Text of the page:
Robb's Metalworks brings the noise for its third annual multi-band showcase
As Robb Chavez maneuvers his Ford SUV around town on a Friday morning, his prized bobblehead of Metallica guitarist Kirk Hammett rocks the dashboard. The vehicle's back window features a sticker promoting Chavez' long-running public-access television show, Robb's Metalworks. In the back seat, Chavez' 7-year-old son Cruz pumps up his headphones, listening to Scary Manilow, his favorite local band.
Heavy metal permeates every aspect of life for Chavez. Recently, it even popped up in his professional capacity as a software rep for College Board. After making a presentation in Oklahoma, a suit-and-tie-clad Chavez was approached by a young man who breathlessly asked him if he hosted Robb's Metalworks.
|The RMW Showcase seeks to unite one nation under a pulverizing riff.|
For all his devotion to metal, however, Chavez, 34, has spent much of the last year re-evaluating his connection to the music and pondering the future of his show. After organizing a 2004 Houston metal festival that he openly describes as a "farce," he took a six-month sabbatical from his show, dumped his staff, and put together a new programming game plan.
"I wasn't tired of doing it, I just thought there needed to be some changes with Robb's Metalworks," Chavez explains. "I needed to get a new staff in order to reinvigorate our work out on the streets. I also wanted to evaluate how we were presenting and distributing our show. I had gotten complaints throughout the history of our show that the half-hour format sucked because it was too short."
During sit-down negotiations with Time Warner Cable, he settled on an approach that would transform RMW from a 30-minute weekly show to a two-hour show that aired every other month with each episode repeated three times. "We're providing a little less content, but overall a better show," Chavez says. "And it's not so much work. I used to go to the studio every week, and now I do it every other month."
| Robb's Metalworks Showcase: |
Solitude Aeturnus, Eternity Black, The Ruined Few, D-Railed, By Any Means Necessary
Sat, July 16
$10 (all ages)
Sam's Burger Joint
330 E. Grayson
"The premise is to provide an annual event that's a gathering of our metal community no matter what genre of metal you support," he says. "I'm one of those people that appreciates all kinds: I listen to black metal and thrash metal, and we've supported power-metal bands and various other kinds on the show. So in the first year, I wanted to advocate for that. Last year, people really started feeling that vibe."
A big component of Chavez' showcase strategy is to offer a headliner with legendary status in underground metal circles, preferably a band that plays infrequently. He achieved that goal last year with Watchtower, a seminal but inactive Austin technical-thrash band that performed at the RMW showcase as a one-off favor to Chavez. This year, he is filling that slot with Solitude Aeturnus, an Arlington doom-metal warhorse that debuted on Roadrunner Records in 1991 with the much-loved album Into The Depths of Sorrow. Solitude has endured recent lineup changes and not gigged in four years, according to Chavez.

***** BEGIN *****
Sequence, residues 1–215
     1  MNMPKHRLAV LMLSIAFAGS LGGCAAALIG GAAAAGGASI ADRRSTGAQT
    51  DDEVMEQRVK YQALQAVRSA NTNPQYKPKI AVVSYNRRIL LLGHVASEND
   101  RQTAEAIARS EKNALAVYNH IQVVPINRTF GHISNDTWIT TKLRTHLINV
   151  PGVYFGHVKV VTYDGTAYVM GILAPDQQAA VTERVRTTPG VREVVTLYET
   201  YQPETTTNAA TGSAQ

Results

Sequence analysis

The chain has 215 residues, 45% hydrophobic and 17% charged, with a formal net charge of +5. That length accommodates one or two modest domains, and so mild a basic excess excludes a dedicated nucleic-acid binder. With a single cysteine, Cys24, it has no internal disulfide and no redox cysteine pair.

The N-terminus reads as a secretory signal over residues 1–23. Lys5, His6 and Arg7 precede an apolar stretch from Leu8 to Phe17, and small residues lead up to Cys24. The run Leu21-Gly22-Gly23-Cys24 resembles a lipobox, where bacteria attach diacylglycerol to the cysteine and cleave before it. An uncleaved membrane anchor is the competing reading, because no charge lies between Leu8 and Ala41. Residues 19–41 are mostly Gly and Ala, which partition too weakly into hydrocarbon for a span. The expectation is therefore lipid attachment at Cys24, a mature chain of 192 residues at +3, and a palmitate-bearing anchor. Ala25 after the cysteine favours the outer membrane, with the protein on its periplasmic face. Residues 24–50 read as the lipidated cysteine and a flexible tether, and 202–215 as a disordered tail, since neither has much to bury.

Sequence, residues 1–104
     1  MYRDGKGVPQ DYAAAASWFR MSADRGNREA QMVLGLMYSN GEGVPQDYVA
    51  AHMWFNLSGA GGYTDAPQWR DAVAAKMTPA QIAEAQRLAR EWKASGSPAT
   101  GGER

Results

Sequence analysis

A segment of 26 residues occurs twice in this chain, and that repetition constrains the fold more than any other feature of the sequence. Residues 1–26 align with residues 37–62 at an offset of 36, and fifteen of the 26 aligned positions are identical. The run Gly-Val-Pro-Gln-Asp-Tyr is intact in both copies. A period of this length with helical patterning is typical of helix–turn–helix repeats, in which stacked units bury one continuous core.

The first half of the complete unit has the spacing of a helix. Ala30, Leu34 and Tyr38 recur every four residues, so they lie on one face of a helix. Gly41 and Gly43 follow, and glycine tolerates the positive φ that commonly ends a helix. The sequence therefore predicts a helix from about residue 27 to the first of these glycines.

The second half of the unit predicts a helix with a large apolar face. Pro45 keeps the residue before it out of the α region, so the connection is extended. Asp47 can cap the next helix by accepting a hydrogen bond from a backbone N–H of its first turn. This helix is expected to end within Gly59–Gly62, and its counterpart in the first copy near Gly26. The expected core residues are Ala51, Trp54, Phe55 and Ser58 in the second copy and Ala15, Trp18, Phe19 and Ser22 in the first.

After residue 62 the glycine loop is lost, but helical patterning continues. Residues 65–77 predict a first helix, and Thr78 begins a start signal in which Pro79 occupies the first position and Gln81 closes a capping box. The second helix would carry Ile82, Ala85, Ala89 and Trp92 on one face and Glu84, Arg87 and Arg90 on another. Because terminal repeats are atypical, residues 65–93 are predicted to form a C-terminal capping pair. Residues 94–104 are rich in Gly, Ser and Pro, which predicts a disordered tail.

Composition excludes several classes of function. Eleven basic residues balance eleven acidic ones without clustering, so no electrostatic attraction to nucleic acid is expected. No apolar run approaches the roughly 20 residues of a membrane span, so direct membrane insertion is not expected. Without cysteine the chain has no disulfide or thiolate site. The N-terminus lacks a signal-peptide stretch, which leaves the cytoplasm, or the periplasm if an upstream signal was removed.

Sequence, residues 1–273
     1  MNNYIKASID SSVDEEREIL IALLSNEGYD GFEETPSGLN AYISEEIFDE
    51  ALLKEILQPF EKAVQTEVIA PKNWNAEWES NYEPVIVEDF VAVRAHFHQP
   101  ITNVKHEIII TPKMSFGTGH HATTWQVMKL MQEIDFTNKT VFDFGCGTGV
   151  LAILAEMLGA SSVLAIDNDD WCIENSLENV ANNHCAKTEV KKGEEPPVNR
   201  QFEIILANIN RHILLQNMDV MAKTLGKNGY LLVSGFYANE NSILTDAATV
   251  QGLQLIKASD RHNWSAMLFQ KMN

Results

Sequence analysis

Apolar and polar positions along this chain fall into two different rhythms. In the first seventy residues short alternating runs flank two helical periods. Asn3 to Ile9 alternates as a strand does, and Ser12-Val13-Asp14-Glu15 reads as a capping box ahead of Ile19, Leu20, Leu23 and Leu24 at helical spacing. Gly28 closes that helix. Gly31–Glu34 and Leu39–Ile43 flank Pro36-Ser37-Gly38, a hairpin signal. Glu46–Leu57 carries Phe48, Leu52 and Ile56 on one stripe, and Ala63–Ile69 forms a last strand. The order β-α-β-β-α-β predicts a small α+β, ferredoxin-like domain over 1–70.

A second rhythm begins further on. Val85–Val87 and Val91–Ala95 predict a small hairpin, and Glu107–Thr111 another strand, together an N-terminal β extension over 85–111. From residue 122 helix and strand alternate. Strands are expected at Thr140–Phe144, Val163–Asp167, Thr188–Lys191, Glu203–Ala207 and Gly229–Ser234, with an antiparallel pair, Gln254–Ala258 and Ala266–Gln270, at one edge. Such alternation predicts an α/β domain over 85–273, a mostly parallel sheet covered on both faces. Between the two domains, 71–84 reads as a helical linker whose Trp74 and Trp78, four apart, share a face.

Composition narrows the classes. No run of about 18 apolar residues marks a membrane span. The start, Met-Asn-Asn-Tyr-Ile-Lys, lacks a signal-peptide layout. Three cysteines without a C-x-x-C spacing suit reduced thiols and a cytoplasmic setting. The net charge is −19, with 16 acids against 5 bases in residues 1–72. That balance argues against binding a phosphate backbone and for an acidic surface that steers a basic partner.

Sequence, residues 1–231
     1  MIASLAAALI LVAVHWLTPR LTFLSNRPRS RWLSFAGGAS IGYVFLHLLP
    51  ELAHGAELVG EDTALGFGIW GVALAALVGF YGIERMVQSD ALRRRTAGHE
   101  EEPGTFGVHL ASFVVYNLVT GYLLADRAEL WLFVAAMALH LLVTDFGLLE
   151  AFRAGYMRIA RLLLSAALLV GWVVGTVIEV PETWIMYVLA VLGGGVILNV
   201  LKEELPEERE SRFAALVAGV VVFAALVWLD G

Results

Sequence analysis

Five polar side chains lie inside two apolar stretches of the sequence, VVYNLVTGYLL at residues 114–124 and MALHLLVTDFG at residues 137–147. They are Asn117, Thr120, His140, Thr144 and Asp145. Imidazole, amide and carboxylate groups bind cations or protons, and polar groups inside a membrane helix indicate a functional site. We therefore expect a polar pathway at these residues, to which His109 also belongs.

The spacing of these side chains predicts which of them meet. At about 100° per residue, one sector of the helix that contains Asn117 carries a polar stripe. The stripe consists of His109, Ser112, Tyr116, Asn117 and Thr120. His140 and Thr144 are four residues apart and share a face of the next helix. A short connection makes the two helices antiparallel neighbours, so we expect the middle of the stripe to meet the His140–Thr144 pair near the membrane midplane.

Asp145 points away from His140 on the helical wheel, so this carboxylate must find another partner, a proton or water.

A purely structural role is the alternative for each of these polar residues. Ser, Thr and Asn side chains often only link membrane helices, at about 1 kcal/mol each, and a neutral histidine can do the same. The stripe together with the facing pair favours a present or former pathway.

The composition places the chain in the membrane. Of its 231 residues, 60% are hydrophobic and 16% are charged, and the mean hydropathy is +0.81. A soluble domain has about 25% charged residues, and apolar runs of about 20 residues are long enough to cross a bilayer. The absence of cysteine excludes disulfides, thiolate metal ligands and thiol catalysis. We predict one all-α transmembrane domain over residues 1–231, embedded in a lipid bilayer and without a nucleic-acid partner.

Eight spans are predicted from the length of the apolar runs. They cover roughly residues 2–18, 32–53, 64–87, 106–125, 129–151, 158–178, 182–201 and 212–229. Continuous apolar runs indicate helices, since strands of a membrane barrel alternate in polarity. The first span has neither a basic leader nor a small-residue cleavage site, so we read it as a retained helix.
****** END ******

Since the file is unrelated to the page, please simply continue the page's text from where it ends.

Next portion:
"I thought we needed to look at someone in Texas who was revered as much as Watchtower was," Chavez says. "The only band that I kept thinking of was Solitude Aeturnus. They were really hailed as the kings of doom metal, as real innovators. They helped to invent this kind of slow, very heavy, thick, melodic metal."
Chavez also wanted to tap into the formidable Houston market that came out in big numbers for last year's showcase (though H-town's metal community proved to be much more territorial when Chavez took a showcase to their city). He looked to Eternity Black, a new band led by guitarist Larry Barragan, a veteran of the Houston scene.
"For many years, the word was that he was a family man now and was out of the music business," Chavez says. "A few months ago, he sent me an e-mail and told me he was back and had a new band called Eternity Black. They were the main reason that I postponed the showcase from May to July. They couldn't do it in May because their guitarist Robert Treviño and his wife were expecting a baby."
Chavez also wanted to represent San Antonio and provide a promising young opening act. After mulling all his local options, he picked the solid, hard-working D-Railed and the ascendant Ruined Few. The showcase's opening band, the Austin-based By Any Means Necessary, stirs Chavez to gush like Jon Landau writing about Bruce Springsteen in 1974: "I think they're going to be the future of metal in Texas. I was blown away by them. I was mesmerized. I couldn't believe how powerful and intense they were."
If this year's showcase pulls in some metalheads from out of state, it might be because Chavez recently made his website an extension of his TV show, allowing visitors to stream the show online. "We're getting packages now from bands in Australia, from Canada," he says. "People are also buying a lot more video of the show. I kept my entire 265 half-hour episodes available, so I have customers from around the country who want copies of the show. One guy wanted an early show, from 1999, and I was kind of embarrassed about it. When I sent it to him, I said, 'Excuse the Spinal Tap.' But he loved it." •